Reader Micah Wright responded to our Thoughts on Thought Balloons roundtable with a great analysis of the many uses of thought balloons from a single page of 1960s Spider-Man! We thought you’d enjoy it too.
I saw this webpage on your site today, and it struck me that I like Tim Eldred’s idea that over-reliance on thought bubbles comes from a weakness in the Marvel Method, but I’ll take overuse any day if my only other choice is giving up the tool. Uses for thought bubbles shown on the illustrative page from Ditko-era Spider-Man:
- enhanced description (1)
- subversion of expectations (1)
- pinpointing location of unseen character (1,3)
- clarification of action (2)
- creation/enhancement of suspense (1,2,3,4,5,6)
- split time (4)
- setting up expectations (6)
Only one of those strikes me as cover for inadequate drawing, and that’s the clarification of action on panel 2 — which is not to say that all uses which clarify action are bad, just that Ditko could have done a better job with that panel.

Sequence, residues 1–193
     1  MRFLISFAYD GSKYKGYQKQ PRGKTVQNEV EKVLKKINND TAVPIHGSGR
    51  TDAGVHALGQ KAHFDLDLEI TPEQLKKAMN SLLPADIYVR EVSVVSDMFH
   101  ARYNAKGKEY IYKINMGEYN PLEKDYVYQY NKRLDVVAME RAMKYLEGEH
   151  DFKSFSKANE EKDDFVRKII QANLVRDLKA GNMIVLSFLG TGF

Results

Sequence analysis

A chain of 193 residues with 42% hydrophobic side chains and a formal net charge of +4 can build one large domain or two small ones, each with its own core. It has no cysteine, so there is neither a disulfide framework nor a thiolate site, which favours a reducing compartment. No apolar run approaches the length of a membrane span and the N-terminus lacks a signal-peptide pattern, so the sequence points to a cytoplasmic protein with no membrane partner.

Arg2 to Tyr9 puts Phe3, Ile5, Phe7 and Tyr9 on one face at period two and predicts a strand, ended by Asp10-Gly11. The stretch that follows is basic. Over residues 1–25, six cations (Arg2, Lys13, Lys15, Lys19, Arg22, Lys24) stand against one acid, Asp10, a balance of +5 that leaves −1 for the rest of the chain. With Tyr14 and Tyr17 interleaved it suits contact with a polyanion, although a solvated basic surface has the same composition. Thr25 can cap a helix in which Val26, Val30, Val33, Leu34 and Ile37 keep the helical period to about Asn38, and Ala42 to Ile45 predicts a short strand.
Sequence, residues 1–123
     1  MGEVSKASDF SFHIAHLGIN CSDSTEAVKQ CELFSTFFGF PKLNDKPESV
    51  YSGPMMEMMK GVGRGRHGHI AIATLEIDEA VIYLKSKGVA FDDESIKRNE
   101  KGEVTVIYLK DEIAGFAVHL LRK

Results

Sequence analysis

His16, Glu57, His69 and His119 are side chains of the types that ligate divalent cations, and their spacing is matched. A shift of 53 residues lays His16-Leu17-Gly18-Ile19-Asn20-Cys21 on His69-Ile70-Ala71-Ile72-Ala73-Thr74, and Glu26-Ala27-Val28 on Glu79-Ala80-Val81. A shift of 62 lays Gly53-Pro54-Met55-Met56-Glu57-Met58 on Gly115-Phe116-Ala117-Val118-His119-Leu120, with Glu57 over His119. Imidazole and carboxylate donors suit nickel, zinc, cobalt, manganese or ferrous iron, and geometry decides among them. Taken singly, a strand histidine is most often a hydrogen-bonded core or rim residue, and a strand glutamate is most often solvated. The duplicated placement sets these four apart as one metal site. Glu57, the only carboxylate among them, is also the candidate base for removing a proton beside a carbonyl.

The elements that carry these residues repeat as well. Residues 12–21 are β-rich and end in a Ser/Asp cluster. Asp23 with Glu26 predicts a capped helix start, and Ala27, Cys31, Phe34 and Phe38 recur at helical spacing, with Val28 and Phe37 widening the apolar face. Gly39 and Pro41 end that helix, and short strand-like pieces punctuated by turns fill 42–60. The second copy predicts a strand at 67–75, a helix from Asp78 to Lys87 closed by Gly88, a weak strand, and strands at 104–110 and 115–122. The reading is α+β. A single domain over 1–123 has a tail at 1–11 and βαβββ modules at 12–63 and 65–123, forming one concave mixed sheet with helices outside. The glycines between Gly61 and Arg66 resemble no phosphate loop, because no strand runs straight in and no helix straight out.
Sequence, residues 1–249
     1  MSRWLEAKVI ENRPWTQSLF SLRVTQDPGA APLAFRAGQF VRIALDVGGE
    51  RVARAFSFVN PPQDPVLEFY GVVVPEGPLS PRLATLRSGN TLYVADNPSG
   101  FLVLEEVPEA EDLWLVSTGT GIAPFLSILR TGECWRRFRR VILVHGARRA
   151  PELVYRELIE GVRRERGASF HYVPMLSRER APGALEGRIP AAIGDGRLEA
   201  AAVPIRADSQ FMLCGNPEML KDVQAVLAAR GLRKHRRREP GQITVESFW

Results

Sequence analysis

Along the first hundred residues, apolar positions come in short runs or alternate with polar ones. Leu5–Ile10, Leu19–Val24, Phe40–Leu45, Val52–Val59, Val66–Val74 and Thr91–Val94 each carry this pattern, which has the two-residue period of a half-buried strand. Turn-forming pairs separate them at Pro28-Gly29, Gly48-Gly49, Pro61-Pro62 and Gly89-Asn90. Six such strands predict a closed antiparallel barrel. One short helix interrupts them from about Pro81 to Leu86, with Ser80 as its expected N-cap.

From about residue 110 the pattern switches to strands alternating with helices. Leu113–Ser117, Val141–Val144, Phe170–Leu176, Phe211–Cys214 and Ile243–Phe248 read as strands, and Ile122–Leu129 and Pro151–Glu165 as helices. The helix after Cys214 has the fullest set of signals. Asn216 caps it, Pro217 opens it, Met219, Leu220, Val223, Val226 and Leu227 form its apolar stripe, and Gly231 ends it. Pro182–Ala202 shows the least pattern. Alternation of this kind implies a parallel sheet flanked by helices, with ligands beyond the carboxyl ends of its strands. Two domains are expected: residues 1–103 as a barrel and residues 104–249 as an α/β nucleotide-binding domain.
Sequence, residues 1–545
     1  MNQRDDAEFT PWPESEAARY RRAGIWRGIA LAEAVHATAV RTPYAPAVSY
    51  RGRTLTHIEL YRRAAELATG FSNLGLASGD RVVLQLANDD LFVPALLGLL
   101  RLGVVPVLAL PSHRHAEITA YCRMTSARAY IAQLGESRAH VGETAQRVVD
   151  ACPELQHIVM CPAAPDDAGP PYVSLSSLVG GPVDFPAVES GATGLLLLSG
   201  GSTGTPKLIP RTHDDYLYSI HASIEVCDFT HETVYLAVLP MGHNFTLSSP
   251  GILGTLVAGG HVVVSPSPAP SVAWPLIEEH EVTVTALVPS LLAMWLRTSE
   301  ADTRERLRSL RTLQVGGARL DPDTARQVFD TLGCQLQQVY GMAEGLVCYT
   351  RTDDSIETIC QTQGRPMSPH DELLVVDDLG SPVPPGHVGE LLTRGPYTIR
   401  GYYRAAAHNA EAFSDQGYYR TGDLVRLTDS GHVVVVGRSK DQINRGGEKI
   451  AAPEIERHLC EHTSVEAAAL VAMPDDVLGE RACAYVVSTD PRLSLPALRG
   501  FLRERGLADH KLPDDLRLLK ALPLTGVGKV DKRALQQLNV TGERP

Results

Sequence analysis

I love the thought bubble in panel 1. Gobby throws a bat no larger than his hand at us. We have one second to get comfortable with that idea before Spidey reveals that it’s a mechanical bat, which as a completely unknown quantity, has NO upper limit to the threat it poses. It’s a mini version of Robert McKee’s “Gap”. That’s free entertainment, and a major plus for the reader, even if the line was just there to explain why a real bat is farting black smoke in panel 2.
Look at how the balloon enhances panel 6. It’s just two guys facing off — but with the addition of the balloon, tension builds while we’re forced to wait for the outcome of Spidey’s next move (forced to wait because we are stopping to read) — and we wouldn’t have been thinking ahead AT ALL if not for the thought balloon. No way to do that without a thought bubble. Yeah, we don’t need THOSE! Let’s do away with them altogether! 🙂
Micah Wright is a writer who has worked in videogames, film, television, animation, graphic novels & comics. He has also released three books of political commentary & graphics. Check out his work at MicahWright.com